The effect of psychological collectivism on creative work involvement: The role of prosocial motivation and leadership style

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School of Business | Master's thesis
MSc program in Management and International Business
MSc program in Management and International Business
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Collectivism is a common concept in the cultural study, which is used to describe a community whose motivation and emphasis are strongly tight to collective perspective. Considering previous research's suggestions on another level of analysis of collectivism, and limitations of the cultural-based view of collectivism in studying organizational behaviors, this thesis examined collectivism at the individual level as a personality trait, termed psychological collectivism. The prior research investigated several outcomes of psychological collectivism. Out of them, creative work involvement has been neglected. Given the importance of innovation process, in which creative engagement is essential, in the current knowledge-based economy, and advantages of the collective attitude in facilitating group-based project works, the relationship between psychological collectivism and creative work involvement should be explored. This thesis objective is to study (1) the effect of psychological collectivism on creative work involvement, (2) the mediating role of prosocial motivation in this relationship, and (3) the moderating effect of three different leadership styles (i.e. transformational leadership, transactional leadership, laissez-faire) on the psychological collectivism-creative work involvement relationship. To address these objectives, this thesis utilized the quantitative approach. A sample of 167 organizational members working in different organizations was studied. The data were collected by the online web-based questionnaire, and all the variables were measured at the same point of time. After that, Structural Equation Modeling (SEM) method is used to analyze the data. The results indicated that psychological collectivism is positively related to creative work involvement; prosocial motivation partially mediates this relationship; transactional leadership marginally weakens the psychological collectivism-creative work involvement relationship; whereas, transformational leadership and laissez-faire show no significant moderating effect. The research findings suggested that employees who have a stronger orientation to work in groups will devote more time and effort to creative processes associated with work, and one of the mechanisms explained this motive is through employee's motivation to help others. Also, leaders who strongly emphasize on results, and use rewards as motivators for employees' job accomplishment may undermine their willingness to carry out creative activities. These make several implications for management practices such as a proper human resource allocation for innovation projects, customized training programs, and suitable leadership behaviors to different groups of employees.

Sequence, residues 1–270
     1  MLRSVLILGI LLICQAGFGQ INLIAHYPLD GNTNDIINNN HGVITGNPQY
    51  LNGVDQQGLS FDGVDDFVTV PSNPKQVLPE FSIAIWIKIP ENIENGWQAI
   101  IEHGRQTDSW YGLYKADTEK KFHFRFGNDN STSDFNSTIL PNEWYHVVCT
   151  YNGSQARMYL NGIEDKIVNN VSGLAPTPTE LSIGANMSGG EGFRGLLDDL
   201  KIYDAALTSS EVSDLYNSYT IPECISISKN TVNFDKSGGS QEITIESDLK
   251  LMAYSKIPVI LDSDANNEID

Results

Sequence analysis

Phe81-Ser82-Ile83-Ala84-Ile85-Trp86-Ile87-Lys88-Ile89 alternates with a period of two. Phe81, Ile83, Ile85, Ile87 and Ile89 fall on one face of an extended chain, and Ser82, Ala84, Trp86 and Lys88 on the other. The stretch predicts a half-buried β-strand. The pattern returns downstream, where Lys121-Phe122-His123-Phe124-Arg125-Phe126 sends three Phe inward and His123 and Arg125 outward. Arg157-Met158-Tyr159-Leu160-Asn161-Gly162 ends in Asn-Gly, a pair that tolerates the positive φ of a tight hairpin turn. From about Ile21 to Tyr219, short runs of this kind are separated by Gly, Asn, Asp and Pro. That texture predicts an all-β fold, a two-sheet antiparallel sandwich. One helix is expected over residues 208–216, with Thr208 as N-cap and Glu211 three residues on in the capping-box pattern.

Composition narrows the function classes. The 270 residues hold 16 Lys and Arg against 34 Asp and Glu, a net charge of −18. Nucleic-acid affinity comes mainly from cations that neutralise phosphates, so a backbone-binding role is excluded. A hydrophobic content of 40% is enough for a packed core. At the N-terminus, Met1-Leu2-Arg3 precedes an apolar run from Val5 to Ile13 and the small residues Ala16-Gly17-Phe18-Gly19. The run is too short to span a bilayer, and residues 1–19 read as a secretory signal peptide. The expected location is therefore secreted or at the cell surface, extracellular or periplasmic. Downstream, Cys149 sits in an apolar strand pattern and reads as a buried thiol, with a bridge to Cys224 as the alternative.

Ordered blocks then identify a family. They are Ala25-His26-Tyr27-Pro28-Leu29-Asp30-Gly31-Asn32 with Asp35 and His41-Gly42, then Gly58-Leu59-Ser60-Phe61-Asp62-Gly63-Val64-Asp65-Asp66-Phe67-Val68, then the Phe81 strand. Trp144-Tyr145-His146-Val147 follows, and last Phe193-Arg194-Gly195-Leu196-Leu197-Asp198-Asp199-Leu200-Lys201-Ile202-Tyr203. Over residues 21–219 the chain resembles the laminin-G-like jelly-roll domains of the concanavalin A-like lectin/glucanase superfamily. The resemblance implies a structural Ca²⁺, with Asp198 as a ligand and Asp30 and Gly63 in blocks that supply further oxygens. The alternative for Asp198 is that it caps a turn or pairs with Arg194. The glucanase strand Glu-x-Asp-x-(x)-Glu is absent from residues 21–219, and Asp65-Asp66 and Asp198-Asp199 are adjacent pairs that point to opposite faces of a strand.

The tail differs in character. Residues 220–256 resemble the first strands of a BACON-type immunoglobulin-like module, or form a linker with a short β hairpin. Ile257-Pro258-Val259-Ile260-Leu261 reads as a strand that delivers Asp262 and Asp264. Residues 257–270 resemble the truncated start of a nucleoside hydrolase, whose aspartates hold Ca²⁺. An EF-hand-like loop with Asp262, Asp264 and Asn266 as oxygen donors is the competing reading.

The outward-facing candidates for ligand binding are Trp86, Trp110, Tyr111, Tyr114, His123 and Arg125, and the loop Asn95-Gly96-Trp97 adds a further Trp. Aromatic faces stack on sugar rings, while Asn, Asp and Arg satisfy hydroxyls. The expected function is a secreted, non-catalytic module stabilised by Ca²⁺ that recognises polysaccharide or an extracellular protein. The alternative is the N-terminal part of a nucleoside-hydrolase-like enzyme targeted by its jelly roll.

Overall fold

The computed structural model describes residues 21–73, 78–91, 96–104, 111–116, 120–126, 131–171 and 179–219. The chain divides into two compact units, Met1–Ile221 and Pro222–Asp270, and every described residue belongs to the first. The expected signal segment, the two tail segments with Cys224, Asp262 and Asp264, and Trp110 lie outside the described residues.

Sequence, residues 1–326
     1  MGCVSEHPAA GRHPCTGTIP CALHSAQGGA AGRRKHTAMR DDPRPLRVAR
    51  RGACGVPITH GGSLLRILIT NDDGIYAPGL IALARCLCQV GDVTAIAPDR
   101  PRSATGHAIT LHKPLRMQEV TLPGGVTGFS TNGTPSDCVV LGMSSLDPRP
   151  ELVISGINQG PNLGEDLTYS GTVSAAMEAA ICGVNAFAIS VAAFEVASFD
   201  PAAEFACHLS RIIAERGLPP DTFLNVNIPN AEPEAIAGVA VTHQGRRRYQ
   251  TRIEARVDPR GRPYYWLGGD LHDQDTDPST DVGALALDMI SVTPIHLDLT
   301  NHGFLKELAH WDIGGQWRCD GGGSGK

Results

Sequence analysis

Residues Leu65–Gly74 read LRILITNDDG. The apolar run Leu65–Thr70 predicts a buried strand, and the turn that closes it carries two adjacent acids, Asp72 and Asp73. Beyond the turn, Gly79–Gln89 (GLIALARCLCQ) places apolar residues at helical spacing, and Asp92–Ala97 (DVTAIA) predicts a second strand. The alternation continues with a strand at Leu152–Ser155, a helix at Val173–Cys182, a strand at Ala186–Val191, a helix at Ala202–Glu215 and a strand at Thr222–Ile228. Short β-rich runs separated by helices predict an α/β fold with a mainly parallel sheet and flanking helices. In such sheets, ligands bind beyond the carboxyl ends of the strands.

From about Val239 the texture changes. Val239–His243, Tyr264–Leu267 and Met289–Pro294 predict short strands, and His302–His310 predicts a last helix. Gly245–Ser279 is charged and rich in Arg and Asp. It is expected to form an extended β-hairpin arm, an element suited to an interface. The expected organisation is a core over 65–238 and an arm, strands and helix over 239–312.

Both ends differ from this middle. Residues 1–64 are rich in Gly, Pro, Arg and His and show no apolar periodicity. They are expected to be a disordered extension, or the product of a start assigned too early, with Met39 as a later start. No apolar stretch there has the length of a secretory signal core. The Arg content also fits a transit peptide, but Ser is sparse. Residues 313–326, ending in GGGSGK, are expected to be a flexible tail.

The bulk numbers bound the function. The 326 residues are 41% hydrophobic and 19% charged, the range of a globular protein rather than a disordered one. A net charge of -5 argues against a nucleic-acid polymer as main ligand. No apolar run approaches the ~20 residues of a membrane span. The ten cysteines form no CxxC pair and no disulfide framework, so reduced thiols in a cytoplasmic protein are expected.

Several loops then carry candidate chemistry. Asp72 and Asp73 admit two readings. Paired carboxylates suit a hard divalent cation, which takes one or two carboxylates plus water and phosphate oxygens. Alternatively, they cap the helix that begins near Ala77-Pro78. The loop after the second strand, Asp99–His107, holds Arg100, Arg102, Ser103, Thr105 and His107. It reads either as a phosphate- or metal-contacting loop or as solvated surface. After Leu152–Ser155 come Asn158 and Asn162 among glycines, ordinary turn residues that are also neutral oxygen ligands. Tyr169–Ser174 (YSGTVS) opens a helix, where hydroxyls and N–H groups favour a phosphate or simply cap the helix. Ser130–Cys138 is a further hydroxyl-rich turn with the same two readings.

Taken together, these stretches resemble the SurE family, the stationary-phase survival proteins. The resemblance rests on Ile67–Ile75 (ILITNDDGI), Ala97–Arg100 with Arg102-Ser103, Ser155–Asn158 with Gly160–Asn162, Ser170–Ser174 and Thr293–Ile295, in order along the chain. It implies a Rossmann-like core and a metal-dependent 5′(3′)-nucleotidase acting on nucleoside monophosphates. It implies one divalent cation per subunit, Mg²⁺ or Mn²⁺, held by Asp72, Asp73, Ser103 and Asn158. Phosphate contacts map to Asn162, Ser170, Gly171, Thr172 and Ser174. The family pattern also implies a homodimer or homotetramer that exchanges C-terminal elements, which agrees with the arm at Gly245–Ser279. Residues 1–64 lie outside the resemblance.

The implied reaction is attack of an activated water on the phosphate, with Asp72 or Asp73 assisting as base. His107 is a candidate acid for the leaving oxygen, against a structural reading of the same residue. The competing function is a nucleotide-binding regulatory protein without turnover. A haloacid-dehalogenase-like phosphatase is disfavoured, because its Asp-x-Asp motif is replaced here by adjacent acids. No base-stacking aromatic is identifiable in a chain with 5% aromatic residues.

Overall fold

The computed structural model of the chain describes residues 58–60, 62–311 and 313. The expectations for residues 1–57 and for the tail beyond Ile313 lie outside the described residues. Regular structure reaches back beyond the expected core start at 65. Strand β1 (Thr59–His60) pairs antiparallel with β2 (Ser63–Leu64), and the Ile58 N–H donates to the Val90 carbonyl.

psychological collectivism, creative work involvement, prosocial motivation, transformational leadership, transactional leadership, laissez-faire
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